Scribal ProfileAstrolabe scribe
|Profiles for this Scribe:|
2. Oxford, Bodleian Library MS E. Musaeo 54 (SC 3554)
|Current Manuscript:||Oxford, Bodleian Library MS e. Musaeo 54|
|Identification:||This scribe also copied CUL Dd 3.53 part 2|
|Example Page:||Display a full page showing this scribe's hand|
|Image Rights:||Reproduced with permission of The Bodleian Library, University of Oxford, 2011; all rights reserved. All images on this website are reproduced with permission of the Libraries, Archives, and Owners of the manuscripts. Manuscript images that appear on this website remain in the copyright of the libraries where the manuscripts are held. Use of these images for any purpose other than private study without written permission of those libraries is prohibited by law.|
double compartment lower case 'a' is the scribe's preferred form.
secretary 'a' is used from time to time.
looped 'd' used throughout.
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interesting construction of the letter 'g' which can be seen clearly in both versions 1 and 2.
the finishing tag on the lower lobe where the scribe removes his nib is easily visible.
the lower compartment is not always left open.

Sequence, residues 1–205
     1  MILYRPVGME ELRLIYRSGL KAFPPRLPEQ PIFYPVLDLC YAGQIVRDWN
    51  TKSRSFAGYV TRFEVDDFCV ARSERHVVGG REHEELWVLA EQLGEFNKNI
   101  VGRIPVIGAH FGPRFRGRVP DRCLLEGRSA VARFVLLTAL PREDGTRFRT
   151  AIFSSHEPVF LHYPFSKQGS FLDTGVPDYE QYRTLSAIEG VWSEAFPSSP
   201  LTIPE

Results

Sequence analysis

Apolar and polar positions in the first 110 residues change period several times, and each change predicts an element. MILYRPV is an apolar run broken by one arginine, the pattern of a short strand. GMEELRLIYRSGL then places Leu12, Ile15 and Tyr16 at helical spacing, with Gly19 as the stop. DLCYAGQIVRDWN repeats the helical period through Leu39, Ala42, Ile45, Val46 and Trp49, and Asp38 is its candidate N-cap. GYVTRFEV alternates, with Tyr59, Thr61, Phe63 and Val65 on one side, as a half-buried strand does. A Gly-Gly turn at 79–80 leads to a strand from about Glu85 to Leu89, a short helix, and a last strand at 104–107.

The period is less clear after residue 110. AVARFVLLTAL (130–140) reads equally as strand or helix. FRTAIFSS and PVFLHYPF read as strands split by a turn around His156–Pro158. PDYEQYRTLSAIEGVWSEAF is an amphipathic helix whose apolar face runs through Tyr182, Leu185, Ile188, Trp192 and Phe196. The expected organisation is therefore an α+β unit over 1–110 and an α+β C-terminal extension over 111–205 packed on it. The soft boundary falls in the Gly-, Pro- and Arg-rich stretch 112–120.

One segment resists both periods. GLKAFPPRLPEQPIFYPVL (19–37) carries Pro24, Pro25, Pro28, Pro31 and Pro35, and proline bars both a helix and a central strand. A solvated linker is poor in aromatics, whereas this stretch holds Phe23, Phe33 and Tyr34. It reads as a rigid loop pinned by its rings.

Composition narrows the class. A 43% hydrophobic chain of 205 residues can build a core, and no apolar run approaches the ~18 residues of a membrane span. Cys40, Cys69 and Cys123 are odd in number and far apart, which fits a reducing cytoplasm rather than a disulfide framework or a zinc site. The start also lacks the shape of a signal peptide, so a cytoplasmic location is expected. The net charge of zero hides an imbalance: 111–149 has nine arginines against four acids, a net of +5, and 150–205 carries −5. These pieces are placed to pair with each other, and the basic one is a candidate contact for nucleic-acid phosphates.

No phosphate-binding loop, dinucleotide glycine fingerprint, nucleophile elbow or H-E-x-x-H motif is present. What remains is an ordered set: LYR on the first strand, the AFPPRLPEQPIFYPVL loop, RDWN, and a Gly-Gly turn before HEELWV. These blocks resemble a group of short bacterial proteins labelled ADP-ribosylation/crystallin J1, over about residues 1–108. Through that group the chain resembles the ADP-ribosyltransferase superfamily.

'h' has a tall stem. The head-loop grazes the shoulder and is therefore quite sizeable.
sometimes the tail-stroke of 'h' flicks to the right.
crossed 'h' in the 'th' combination.
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long 'r' and modern 'r' used almost interchangeably with a slight preponderance of long 'r'.
kidney-shaped 's' is only used in final position but sigma 's' may also be used in final position.
sigma 's' used in both initial and final position.
long 's' used in initial position. Evidence of a long oblique approach stroke clearly visible. The scribe uses the same long approach stroke on his 'f'.
not an upper case letter.
'w' has the 'B'-shaped element at the right and the left limb usually arches over the rest of the graph.
on the top line of text.
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'y' almost always has some kind of mark above. The shape of the letter is very consistent.
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|Thorn and Yogh|
the only examples of thorn on this folio are for the abbreviation of 'that'.
in both these examples, the thorn slopes backwards and the superscript letter is angled forward.
the only example of the use of yogh is as here for the sound 'z'.
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Usage: Ampersand is used frequently throughout the text on this folio. The accompanying stroke over the ampersand is set at various different angles.
Centre for Medieval Studies, University of York, King's Manor, York YO1 7EP